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Moeen crowned country’s MVP
MOEEN Ali has been presented with a cheque for £10,000 after being named this year’s FTI Most Valuable Player.
The Worcestershire all-rounder capped a remarkable season by snatching the honour on the penultimate day of the LV= County Championship from his season-long rival, Nottinghamshire’s Samit Patel.
Patel had regained the lead in early September and looked to have secured victory after taking three wickets in nine balls against Glamorgan in the YB40 final at Lord’s.
But after hitting 44 off 70 balls in the second innings of Worcestershire’s match against Northamptonshire at New Road, Moeen then helped skittle his newly-promoted opponents by taking 6-77 — his best return in the Championship this season.
Coupled with the points he gained in the first innings, the performance ensured he earned a total of 38.59 points in the match, finishing with an impressive total of 600 points — seven clear of Patel with a day to go.
Patel then scored 29 off 66 balls on the final morning against Somerset at Trent Bridge, leaving him needing one top-order wicket (worth five points) in the afternoon to secure victory.
Despite his Nottinghamshire team-mates gathering round the bat for 11 overs, he was unable to do so before the two teams settled on a draw, leaving Moeen to record the narrowest margin of victory since the inception of the FTI MVP Award in 2007.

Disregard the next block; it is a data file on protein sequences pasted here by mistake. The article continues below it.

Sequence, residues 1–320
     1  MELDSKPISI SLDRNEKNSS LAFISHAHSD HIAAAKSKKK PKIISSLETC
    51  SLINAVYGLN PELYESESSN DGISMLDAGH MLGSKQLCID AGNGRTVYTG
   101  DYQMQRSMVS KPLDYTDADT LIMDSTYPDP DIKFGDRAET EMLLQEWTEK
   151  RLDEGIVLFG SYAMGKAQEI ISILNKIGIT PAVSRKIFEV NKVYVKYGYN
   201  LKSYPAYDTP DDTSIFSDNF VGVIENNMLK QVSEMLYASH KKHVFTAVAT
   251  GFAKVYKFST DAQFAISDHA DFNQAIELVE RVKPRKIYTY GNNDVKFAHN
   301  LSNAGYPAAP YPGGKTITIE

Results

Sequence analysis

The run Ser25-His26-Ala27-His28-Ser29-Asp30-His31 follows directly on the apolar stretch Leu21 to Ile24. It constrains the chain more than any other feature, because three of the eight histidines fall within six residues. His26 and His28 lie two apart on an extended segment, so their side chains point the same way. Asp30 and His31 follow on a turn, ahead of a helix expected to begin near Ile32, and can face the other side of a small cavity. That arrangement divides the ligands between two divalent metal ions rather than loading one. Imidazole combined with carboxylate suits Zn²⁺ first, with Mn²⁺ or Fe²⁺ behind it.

Jason Ratcliffe, assistant chief executive of the Professional Cricketers’ Association, said: “It has been an incredible season for Mo.
“To hold his nerve and overtake Samit in the final game has made him an extremely worthy winner.
“All cricketers acknowledge that the season is a marathon not a sprint.
“Therefore to out-perform everyone in this way is pretty impressive to say the very least.”
In total, Moeen hit 2,016 runs in all forms of cricket, took 52 wickets at an economy rate of 4.07 and pouched 26 catches. His 1,373 runs in the County Championship was the highest by any batsmen this year.
The FTI MVP rewards players for every run scored, wicket taken and catch held.
Bowlers receive higher marks for good economy rates, bowling maidens and for dismissing the top order, while batsmen get higher marks for scoring quickly and the percentage of the team’s runs they hit.
Moeen’s achievement was all the more laudable given that players in Division Two of the County Championship receive twenty per cent less points than their counterparts in Division One in order to reflect the respective standards.
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